Sunday, April 1, 2012

The Hunger Games (2012)

Caught The Hunger Games last night, and though I know it's not horror, just had to post a few thoughts on this world wide phenomenon.

Oh, maybe not world wide, as it appears Wrath of the Titans cleaned up outside of the domestic market. I won't say I'm surprised, because while The Hunger Games is quite good, it's just not that good. The film has some serious flaws and feels about 20-30 minutes too long.

Now, I'm not going to compare the film to Battle Royale, as other sites have made the comparisons. Nor am I getting into the visions of The Running Man that flashed through my head during one of the more listless moments in the film. Come on, an innocent person, thrown into a game to the death, inspires the flames of revolution is an oft told story. This version simply didn't have over the top hunters and the presence of Arnold.

And I'm dispensing with a plot summery, as I suspect anyone reading my blog probably knows it by now. But I will issue a spoiler alert, as I will discuss some things not in the trailer, so be warned. And please, don't tell me about the book, as I haven't read it. I'm just talking about the movie, so any complaints that reference to the book I will have to ignore. I just saw the movie and that's what I'm writing about.

Let's start off with what worked. First off, Jennifer Lawrence was amazing. I don't think the film could be a strong as it was without her. Also, her more seasoned costars (Banks, Sutherland, Tucci) were outstanding as well. Her romantic interests, well, not as good, but they and the rest of the young cast did a fine job.

Second, director Gary Ross did some outstanding work. His use of silence during several scenes was amazing, and he gave Lawrence to opportunity to deliver an emotion gut punch during those scenes. And I really enjoyed how Ross let the action tell the story, rather than relying on worthless exposition to tell the audience what it should know by the character's behavior. And I will be forever grateful for not being exposed to a soundtrack designed to sell CDs/downloads/whatever, rather than tracks suitable for the film.

But the movie was a bit too long, as a few moments could have been trimmed down or excised. For example, unless the subplot about Katniss' father comes back in a later movie, the scenes surrounding his death seemed underdeveloped and more like filler than a driving force in the narrative. Additionally, some of the moments when Katniss and Peeta are exposed to the good life before the game could have been shortened without losing anything but running time.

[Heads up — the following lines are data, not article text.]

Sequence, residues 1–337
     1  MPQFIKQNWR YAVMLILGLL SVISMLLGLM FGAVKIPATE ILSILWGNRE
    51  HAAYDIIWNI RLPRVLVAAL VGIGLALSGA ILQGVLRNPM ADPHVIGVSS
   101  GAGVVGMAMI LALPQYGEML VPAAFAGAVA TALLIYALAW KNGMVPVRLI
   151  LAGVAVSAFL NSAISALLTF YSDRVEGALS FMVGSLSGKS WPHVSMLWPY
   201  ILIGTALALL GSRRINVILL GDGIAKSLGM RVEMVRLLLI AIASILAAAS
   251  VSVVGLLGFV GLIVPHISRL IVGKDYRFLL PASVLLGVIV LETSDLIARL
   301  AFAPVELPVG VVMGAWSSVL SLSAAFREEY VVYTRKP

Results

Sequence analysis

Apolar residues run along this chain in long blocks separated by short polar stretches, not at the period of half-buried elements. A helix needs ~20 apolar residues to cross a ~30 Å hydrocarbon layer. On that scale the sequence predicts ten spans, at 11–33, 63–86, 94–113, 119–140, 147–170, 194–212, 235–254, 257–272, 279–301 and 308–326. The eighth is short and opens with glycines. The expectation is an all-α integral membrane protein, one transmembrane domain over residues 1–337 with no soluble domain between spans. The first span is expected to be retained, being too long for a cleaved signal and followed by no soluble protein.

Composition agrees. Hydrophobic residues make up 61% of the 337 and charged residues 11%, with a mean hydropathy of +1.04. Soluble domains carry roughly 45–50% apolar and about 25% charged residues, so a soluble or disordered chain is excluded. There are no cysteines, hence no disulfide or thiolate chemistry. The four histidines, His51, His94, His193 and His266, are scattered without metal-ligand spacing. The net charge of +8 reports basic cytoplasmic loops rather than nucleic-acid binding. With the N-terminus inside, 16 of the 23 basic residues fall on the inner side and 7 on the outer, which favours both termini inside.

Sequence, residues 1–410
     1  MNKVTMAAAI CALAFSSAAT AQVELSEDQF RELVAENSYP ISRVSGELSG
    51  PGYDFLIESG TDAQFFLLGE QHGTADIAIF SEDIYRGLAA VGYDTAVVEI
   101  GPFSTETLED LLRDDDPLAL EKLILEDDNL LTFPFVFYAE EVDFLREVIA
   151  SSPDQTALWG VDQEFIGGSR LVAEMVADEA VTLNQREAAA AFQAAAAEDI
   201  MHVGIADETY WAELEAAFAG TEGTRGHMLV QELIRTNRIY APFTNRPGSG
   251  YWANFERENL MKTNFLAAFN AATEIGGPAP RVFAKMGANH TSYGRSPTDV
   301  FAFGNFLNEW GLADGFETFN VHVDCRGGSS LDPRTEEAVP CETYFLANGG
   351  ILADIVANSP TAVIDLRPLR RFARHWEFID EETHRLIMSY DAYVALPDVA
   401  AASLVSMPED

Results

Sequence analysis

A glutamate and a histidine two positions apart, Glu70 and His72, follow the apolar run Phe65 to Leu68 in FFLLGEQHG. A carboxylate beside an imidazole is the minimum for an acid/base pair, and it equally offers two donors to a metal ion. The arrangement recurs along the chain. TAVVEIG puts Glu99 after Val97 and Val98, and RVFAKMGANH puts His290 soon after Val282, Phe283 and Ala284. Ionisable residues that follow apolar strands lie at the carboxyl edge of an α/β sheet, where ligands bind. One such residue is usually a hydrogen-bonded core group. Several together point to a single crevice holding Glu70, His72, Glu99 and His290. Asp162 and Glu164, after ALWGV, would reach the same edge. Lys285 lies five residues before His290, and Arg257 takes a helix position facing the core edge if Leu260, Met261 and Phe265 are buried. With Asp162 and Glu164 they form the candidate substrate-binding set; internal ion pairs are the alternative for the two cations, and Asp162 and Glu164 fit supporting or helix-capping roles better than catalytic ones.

Had that been the only problem, I might have enjoyed the film more. But the fact that the basic premise made no sense was a big stumbling block to me. Yes, I understand that the Hunger Games was enacted as punishment for the 12 districts revolting against the main government. Still, after 70 something years of feeding their children into a gladiator game, the idea that no one thought about open revolt until now is unrealistic. One would expect some kind of resistance force to form after such a long history of oppression, even if their attempts failed.

Also, the film tries so hard to keep Katniss from becoming a killer that I started to wonder why I should be rooting for her. I know the story had a fine line to walk, as the plot involves kids becoming killers for sport, but it goes to absurd lengths to show that Katniss isn't evil, it dilutes the concept of her as a hero. The most glaring moment (SPOILER ALERT) is at the end of the film, when Cato is about to snap Peeta's neck. Instead of putting an arrow in his face (which would be fine, as Cato is presented as the villain of the Games and he's going to kill Peeta to spite her), she shots him in the hand, allowing Peeta to free himself and push Cato into the pack of mutant dogs below them.

Okay, first off, shooting Cato in the hand would only serve to present him and Peeta as toothpicked sausages to the dogs, as her arrow would pass through Cato's hand, Peeta's neck and into Cato's chest. Second, given the skill Katniss displays with a bow, a simple head shot would have been easy and achieved the same results. By trying to keep Katniss from outright killing someone, the script made her weaker as a hero. Cato not only had to die, he deserved to die and if Katniss isn't willing to step up and take action against the bad guy, I don't give the rebel forces I suspect she will lead in the sequels much of a chance. And, don't get me wrong, I deplore when films let male heroes not kill off the bad guy as well (don't get me started on Road House). When it's obvious the villain needs to die, yet the hero is reluctant to do it just to remind us they are not evil, the screenwriters have let the character down.

And let's talk about Peeta's rock make up. Good stuff, but I want to know how he was able to apply it with no materials and no mirror. Yes, the moment was set up earlier in the film (and the script made it obvious his skills would show up later in the film), but it's doubtful he could have done such work in the woods, without supplies, and while dealing with a massive sword wound, no less.

It's obvious why American audiences are taken with The Hunger Games. It's the us against them film of the decade, the elite verse the working class, the 1% against the 99%, and people really want to see the top tier fall. But despite some shining moments, the glaring plot holes, unexplored subplots and a very weak climax hobbled the film. And while I'm curious to see where the story goes from here, I just hope the filmmakers do right by Katniss in the sequel.

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